12 September 2008

RIP: Col Donald Blakeslee, USAF

Donald James Matthew Blakeslee
11 Sep 1918 - 3 Sep 2008

The Ft Lauderdale (FL) Sun-Sentinel has a brief note saying that Colonel Blakeslee died on 3 September. ZUI this AcePilots.com article:
Don Blakeslee was born in 1918 in Fairport Harbor, Ohio, to a family who were among the original pioneers of the Ohio River Territory in the late 18th Century. As a teenager, he went wild over airplanes at the National Air Races held every year in Cleveland. In 1939 he and a friend bought a Piper Cub, which the friend then crashed. Blakeslee went to Canada in 1940 and joined the RCAF. He relieved his mother's anxiety by telling her he would always be an instructor, and maintained the illusion even after he had shot down his first German plane.

Blakeslee arrived in England 15 May 1941, where he was assigned to a squadron at Biggin Hill. By the summer of 1942, he was a flight leader who had completed his first tour of 200 hours with 3 victories. When told he would become the instructor he had promised his mother, he finally volunteered to be sent to 133 Eagle Squadron, which was the only way he could stay on combat status.


Blakeslee would eventually be recognized as one of the two finest combat fighter commanders in the history of the United States Air Force, the other being Col. Hubert "Hub" Zemke, Commanding Officer of the 56th Fighter Group, "The Wolfpack." The two were as different as night and day. Blakeslee was the great exponent of the P-51 Mustang, while Zemke was the man who tamed the P-47 Thunderbolt. Pilots saw one or the other as greater according to which one he had flown with, which makes it a case of honor for all.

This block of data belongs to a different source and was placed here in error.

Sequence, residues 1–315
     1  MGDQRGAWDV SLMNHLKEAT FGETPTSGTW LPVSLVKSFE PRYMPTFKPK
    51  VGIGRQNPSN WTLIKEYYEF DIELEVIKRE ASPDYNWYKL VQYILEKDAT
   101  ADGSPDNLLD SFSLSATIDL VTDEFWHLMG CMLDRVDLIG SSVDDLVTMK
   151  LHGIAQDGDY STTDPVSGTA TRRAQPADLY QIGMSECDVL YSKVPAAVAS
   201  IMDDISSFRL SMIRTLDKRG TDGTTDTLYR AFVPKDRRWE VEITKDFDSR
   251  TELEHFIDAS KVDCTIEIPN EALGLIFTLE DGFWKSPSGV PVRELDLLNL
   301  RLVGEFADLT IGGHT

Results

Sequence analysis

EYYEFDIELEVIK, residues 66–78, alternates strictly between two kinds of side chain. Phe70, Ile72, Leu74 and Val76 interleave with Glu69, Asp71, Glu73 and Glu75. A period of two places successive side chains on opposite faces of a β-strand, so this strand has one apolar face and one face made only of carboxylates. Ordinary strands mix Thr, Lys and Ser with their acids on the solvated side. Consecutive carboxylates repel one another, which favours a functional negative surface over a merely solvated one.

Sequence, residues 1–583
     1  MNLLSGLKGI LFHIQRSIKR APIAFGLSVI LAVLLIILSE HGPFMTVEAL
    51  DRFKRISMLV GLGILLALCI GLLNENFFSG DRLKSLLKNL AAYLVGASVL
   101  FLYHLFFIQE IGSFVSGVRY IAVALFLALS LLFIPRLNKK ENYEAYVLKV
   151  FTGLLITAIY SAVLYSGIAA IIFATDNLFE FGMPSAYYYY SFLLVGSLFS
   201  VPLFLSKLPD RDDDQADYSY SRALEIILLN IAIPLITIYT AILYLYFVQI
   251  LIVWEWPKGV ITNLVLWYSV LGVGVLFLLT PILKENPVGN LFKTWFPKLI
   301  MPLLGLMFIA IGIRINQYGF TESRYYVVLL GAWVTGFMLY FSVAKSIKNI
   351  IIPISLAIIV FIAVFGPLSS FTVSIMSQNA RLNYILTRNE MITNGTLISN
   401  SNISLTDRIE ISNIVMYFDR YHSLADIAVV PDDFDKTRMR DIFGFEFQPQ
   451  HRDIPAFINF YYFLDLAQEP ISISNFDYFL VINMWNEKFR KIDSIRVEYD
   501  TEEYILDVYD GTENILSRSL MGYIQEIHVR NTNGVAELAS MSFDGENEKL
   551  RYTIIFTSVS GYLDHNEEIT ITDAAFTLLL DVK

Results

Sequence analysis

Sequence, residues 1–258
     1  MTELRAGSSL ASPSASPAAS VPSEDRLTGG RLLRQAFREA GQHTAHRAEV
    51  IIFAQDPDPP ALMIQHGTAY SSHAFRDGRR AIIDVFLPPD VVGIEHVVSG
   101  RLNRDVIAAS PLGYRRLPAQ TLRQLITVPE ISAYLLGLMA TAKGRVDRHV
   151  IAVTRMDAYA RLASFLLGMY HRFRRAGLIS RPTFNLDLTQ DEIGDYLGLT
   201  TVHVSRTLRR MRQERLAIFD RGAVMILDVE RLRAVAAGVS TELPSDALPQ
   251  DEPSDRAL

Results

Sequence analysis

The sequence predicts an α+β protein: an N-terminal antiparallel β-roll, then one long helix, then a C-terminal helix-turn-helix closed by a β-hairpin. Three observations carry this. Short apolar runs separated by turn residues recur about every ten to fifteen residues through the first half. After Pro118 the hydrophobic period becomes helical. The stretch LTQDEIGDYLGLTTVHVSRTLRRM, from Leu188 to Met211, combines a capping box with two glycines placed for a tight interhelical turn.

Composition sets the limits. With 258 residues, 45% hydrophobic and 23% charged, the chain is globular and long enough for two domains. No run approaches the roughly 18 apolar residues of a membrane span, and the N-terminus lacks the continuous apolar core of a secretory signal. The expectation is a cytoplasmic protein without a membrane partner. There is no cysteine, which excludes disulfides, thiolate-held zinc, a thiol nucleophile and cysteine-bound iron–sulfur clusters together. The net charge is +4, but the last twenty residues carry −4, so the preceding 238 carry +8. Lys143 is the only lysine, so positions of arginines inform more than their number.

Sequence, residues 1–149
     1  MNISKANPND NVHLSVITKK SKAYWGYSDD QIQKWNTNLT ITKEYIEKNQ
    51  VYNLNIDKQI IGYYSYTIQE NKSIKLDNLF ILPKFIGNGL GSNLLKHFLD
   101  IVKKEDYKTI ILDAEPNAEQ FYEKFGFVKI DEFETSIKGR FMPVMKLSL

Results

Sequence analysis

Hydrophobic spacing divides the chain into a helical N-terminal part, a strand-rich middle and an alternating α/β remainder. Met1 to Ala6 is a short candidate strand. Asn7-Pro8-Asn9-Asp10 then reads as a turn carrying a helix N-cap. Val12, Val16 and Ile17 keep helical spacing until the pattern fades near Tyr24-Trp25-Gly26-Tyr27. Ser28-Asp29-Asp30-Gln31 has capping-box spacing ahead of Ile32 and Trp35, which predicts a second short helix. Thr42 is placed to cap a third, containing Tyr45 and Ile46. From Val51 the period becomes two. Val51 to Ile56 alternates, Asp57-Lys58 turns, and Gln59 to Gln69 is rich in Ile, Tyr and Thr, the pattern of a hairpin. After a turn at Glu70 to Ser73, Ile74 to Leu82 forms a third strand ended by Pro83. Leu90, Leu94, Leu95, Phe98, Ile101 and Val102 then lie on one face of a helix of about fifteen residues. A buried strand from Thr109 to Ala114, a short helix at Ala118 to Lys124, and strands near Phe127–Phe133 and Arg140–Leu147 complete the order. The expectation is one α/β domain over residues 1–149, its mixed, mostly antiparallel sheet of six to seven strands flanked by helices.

The normal tour for a fighter pilot in the ETO was 250 combat hours. No one really knows how many hours Blakeslee finally totaled, because he would log the time when he led another group on their initial combat operations as "training," and would "forget" to enter missions in his logbook where nothing happened. The best estimate is that between his first operation on 15 May 1941 and his last combat flight on 11 October 1944, Don Blakeslee flew approximately 1,200 combat hours, the American record.


Don Blakeslee remained on active duty and spent thirty years in the U.S. Air Force. He never rose above the rank of Colonel, not being the kind of officer who could play "politics." He led the 27th Fighter Wing and took the F-84 Thunderjet to Korea and served in Vietnam before he retired to Florida in 1972, where he has lived since in self-ordained obscurity.

Wikipedia has an article here. The Warbirds Resource Group has further information here.

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